Lupe Fiasco Is Not Cool

Lupe Fiasco Is Not Cool
Lupe Fiasco is excited. It’s been a couple of days since he was nominated for a Grammy for "Daydreaming,” a song from his 2006 debut album Food and Liquor and a few more days until his sophomore record The Cool hits. But in this moment all the Chicago MC can think about is the future and CRS (Child Rebel Soldiers), his super-group collaboration with Kanye West and Pharrell Williams. "My phone bill’s probably going to be a thousand dollars ‘cos I was downstairs talking to Kanye for two hours just now,” an animated Fiasco shares. "So it’s coming, the last great idea in hip-hop is CRS — Child Rebel Soldier,” Fiasco says in a moment of West-style confidence. "Knowing our minds and the way we see things, if we can bring that to life, it’s outta here.”

Of the three artists involved in the CRS project, Fiasco clearly has a leaner track record than either Williams or West, but given the rabid reception to "US Placers,” their first collaboration, and the accomplishment of his sophomore effort The Cool, he’s clearly a worthy participant.

A loose concept album and an unforgiving dense listening experience, The Cool brings into focus Lupe Fiasco’s prodigious lyrical skills. While some songs bring levity, The Cool features a cast of characters and a raft of themes delving into issues like the fallacy of fame, AIDS, immigration, rape and violence while attempting to tiptoe around being overly didactic. To match the weighty subject matter, a foreboding and dark musical atmosphere hangs over the album. Clearly, he is not rapping about skateboarding anymore.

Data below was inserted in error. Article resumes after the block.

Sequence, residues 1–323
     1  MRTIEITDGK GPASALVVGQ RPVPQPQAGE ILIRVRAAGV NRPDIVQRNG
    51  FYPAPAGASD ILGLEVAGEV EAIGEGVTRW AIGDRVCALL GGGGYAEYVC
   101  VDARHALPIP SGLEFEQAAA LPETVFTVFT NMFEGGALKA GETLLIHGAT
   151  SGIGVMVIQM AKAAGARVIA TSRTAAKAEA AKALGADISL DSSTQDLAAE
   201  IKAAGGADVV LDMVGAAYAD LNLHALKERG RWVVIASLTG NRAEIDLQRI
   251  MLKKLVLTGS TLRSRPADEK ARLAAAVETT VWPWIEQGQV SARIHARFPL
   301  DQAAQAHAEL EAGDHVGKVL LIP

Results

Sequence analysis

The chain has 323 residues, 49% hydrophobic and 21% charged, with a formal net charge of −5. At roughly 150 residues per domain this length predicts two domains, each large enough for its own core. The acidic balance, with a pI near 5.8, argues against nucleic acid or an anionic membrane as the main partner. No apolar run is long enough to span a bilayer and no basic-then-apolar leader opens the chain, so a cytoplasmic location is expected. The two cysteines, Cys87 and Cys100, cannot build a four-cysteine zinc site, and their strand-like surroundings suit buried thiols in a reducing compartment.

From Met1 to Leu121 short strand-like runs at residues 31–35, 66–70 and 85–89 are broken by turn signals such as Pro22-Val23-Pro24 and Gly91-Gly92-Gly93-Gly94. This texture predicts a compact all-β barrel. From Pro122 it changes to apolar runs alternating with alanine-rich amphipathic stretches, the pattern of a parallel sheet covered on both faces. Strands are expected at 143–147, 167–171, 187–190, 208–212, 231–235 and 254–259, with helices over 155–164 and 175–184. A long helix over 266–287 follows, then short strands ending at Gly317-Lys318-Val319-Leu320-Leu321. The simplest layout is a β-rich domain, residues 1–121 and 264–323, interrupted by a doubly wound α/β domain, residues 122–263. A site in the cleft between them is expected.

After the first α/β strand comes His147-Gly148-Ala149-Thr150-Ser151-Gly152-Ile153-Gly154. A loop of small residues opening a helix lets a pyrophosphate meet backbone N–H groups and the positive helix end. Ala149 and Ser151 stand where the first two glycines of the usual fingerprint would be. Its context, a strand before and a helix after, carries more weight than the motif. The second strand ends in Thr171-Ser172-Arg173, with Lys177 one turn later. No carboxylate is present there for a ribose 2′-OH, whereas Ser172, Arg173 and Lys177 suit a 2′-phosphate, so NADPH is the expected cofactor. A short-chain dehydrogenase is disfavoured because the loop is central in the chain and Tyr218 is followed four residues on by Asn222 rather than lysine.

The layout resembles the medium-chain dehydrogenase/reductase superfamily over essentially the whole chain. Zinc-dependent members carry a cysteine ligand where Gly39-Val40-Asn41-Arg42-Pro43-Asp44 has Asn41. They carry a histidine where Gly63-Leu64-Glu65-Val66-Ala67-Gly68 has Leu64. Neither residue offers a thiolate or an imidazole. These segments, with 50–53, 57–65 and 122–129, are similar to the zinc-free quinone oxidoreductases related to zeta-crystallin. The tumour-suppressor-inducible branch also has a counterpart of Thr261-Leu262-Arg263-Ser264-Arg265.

The initial idea for the album stemmed from an event where Fiasco heard professor and cultural critic Cornel West speak a few years ago. "[West] was like if you really want to effect social change in the world you have to make those things which are cool, uncool,” says Fiasco talking about the message the intellectual put forward that day. "You have to make it hip to be square in essence. You kinda have to reverse those rules and make those cool things to do and you’ll see some progression.”

Progression seems to be a recurring theme with Lupe Fiasco. On this album, he indicates that his next solo album, tentatively titled LupEND, will be his last. But virtually any other MC who has announced their retirement has been eventually lured back to the mic. Why would he be any different? "I’m serious,” Fiasco says. "I don’t have the same goals and the same aspirations as a lot of other rappers, ‘cos of the sacrifice that’s involved in it. I’ve been in the music business a long time and it kind of tears at you. And then the other thing is that I don’t want to do the same thing twice. So it’ll get to the point where I feel like I’m rehashing.”

Lupe Fiasco says he will still be heavily involved in the music industry through his 1st and 15th Entertainment label and his roster of artists, and is currently flexing his creative muscles working on writing a book — about a window washer. "I’m good at music because I was good at writing and could tell a story,” Fiasco says. "There’s definitely a ceiling in music as far as the time limit of a song. It’s like damn, I really want to talk about this in-depth and the fact that you have to rhyme is in itself is another limiting factor, so it’s like a book would do it y’know,” he says. "There’s other mediums and stuff I want to go into and articulate. More expression.”